Holidays Act 2003

The Holidays Act 2003 replaces the holidays Act  1981. It comes into force on 1 April 2004. Existing leave entitlements carry over. The act affects all lay employees except self-employed contractors.

Parties are required to deal in good faith. Employers must notify employees

  • of their entitlements under the Act
  • that further information can be obtained from the Department of Labour

Good leave records are a necessity and both the employer and the employee need to be aware of the details of leave entitlements and leave taken.

The Act specifies the minimum which must be provided. An employer can offer more than the miniumum.

There are penalties for non-compliance.

Annual Holidays

  • Entitlemment remains three weeks (note from 1 April 2007 it will become 4 weeks).
  • Annual Leave can be accrued from one year to the next.
  • Employers can require leave to be taken but must give employees 14 days written notice.
  • There is a new obligation not to unreasonably with-hold consent for leave to be taken.

Annual Leave and sickness

  • When an employee falls sick on annual leave, the leave may be taken as sick leave.
  • Where an employee falls sick prior to the commencement of leave, the employer must allow the employee to take that time as sick leave.

Annual Leave and Bereavement

  • When an employee suffers a bereavement while on annual leave, the employer must allow bereavement leave.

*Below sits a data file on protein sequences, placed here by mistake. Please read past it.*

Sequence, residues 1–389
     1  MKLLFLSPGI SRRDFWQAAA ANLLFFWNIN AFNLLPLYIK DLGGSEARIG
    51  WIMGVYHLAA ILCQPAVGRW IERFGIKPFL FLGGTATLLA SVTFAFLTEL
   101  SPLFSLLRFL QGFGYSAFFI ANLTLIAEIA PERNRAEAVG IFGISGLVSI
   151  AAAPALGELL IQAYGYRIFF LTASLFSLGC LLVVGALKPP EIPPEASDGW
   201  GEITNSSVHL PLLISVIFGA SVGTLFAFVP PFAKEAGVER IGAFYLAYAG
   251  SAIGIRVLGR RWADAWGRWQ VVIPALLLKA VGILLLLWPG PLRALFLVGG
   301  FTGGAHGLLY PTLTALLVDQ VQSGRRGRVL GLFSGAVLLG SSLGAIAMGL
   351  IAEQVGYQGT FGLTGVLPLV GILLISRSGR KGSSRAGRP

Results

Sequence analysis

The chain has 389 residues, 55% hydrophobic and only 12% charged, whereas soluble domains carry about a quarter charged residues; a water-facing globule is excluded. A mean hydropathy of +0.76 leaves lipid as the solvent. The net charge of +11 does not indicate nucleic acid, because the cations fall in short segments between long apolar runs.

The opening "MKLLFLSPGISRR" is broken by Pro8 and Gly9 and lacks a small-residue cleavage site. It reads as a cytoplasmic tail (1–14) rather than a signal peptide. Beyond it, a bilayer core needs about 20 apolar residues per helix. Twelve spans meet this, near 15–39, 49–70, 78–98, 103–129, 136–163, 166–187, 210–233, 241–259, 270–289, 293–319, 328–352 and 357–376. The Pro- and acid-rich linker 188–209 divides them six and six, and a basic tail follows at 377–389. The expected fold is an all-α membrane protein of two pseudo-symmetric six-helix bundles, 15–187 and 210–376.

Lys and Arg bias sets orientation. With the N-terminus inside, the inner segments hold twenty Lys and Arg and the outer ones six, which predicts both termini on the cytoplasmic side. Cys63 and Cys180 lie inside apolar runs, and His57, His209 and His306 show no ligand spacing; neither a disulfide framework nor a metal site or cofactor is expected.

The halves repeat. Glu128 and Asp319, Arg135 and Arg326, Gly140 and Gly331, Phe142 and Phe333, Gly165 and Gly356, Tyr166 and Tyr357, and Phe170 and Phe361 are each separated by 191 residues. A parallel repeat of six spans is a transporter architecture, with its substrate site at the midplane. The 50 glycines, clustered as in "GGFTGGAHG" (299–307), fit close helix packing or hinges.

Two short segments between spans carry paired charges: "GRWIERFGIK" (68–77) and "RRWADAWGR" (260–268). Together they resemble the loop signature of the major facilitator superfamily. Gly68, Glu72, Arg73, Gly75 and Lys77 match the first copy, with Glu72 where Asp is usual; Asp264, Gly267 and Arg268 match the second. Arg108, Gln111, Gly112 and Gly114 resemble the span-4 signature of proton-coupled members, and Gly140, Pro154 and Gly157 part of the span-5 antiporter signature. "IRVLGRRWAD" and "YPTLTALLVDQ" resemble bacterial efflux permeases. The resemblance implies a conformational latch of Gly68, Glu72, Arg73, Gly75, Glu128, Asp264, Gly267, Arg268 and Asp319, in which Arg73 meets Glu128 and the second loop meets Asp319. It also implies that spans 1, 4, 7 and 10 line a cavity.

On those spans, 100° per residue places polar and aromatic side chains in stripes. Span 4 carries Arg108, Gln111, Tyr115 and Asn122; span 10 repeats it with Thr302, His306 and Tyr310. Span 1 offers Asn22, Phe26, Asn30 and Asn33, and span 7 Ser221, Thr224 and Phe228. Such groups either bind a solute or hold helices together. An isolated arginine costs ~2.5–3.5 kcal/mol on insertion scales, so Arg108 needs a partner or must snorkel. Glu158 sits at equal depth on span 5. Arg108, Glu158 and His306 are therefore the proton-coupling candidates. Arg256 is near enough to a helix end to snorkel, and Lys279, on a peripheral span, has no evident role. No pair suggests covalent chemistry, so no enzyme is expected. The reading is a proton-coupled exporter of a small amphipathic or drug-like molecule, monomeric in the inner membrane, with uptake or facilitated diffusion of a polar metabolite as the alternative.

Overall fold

Sick Leave

Entitlement:

5 days leave after 6 months' service
Can carry over 15 days
Can accumulate 20 days

Bereavement Leave

Entitlement:

After 6 months service, 3 days for the death of an employee's

  • spouse
  • parent or parent-in-law
  • child
  • sibling
  • grandparent
  • grandchild.

1 day on any other occasion where the employer accepts that the employee has suffered a bereavement. The employer should take into account.

  • closeness of the association
  • responsibility for ceremonies
  • cultural responsibilities

Public Holidays

  • As for 1981 Act.
  • They are paid holidays if they fall on days which for the employee would otherwise be working days.
  • If not clear, parties must consider
    - Employement agreement
    - Employee's work patterns
    - Other relevant factors.
  • The employee must be paid time and a half
    and

    be given an alternative day off on pay at some other time.

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